The “promises” attribute falls under our umbrella of ruthless pragmatism. However, Amy’s also outperforms on two other attributes here: “Makes my life easier” and “Delivers a consistent experience.” While these have been true of the brand since its 1987 launch, it took on new importance over the last year. Stressed-out parents desperately needed all the convenience they could find. And during a time when nothing seemed reliable, a frozen pizza that consistently satisfied the whole family meant even more.
Cooking up New Ideas
Pervasive innovation is another brand relevance driver, and Amy’s excels here too.
Amy’s relies on constant experimentation and its new offers impact the way customers see the brand. Gluten-free, vegan and dairy-free options all reflect changing dietary preferences. And while it’s long been vegetarian, Amy’s food offerings took on new resonance as consumers sought out more plant-based options.
The pandemic taught the company a lot about its innovative muscle. As with many brands, supply chain issues became a problem, making it difficult to get products into freezer cases. And since Amy’s assembles many meals by hand rather than automation, social-distancing practices required an overhaul of production processes to find safe ways to stretch pizza dough and roll burritos in its kitchens.
Stand for Something Bigger
Finally, where Amy’s shines brightest is in its purpose, an attribute we measure as a brand’s ability to distinctively inspire. When ranked by “Has a set of beliefs and values that align with my own,” it earned the #6 spot, outscoring companies like Patagonia and LEGO.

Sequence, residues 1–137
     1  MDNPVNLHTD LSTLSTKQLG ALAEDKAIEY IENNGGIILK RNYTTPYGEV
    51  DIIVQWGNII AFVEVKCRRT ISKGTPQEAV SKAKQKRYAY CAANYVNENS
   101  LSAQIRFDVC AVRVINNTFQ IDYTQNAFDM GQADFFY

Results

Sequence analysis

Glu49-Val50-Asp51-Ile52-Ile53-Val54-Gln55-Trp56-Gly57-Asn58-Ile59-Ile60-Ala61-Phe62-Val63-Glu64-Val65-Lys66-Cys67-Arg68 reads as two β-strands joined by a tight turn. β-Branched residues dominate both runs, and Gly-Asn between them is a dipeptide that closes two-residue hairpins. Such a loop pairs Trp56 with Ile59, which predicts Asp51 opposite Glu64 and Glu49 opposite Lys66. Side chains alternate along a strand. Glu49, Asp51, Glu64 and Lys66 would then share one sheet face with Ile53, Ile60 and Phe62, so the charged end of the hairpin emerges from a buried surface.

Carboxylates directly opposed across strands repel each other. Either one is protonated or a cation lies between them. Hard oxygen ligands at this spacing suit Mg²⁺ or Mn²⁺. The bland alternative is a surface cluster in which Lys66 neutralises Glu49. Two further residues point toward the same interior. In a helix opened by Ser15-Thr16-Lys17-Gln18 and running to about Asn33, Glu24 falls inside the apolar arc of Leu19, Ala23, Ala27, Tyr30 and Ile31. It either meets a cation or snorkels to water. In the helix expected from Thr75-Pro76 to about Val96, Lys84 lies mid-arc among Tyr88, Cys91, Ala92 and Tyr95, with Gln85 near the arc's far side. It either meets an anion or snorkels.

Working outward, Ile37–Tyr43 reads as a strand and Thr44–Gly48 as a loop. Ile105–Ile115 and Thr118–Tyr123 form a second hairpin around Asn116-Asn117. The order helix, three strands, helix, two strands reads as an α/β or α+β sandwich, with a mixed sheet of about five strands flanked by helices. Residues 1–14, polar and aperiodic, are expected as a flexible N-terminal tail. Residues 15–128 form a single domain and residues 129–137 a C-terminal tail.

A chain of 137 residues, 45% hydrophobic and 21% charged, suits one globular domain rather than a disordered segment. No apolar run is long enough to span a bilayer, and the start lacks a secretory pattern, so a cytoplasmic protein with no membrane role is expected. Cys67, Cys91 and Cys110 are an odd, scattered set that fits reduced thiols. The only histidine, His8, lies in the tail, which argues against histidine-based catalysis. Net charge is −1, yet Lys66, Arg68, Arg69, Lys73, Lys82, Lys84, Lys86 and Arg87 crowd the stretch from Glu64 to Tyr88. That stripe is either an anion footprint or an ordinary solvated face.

Amy’s purpose, “to make it easy and enjoyable for everyone to eat well,” rings true to its customers and functions as the company’s North Star. “It is the lens we use for all our business decisions,” says Berliner.
Amy’s demonstrates that commitment through improving accessibility and equitability of organic agriculture, and by making meals that cater to a variety of dietary needs and restrictions, like gluten-free, dairy-free and vegan. The company is also committed to decreasing food waste and improving operations to ultimately “heal the planet” through its business.
Consumers will soon recognize those values expressed even more explicitly. Amy’s just achieved coveted B Corp status, awarded only to companies following the highest social and environmental performance standards. The B Corp seal signifies to consumers that Amy’s is a company not just focused on the bottom line but using its business as a force for good.
“It’s apparent that consumers are gravitating towards authentic, purpose-led brands more than ever,” says Davis. “As an early adapter, Amy’s Kitchen is truly built around a purpose that has defined its success for decades. Standing for something it believes in and staying true to its roots undoubtedly helped land it in this year’s Brand Relevance Index®. As Amy’s grows its loyal customer base, expect to see new and exciting things from this increasingly relevant brand.”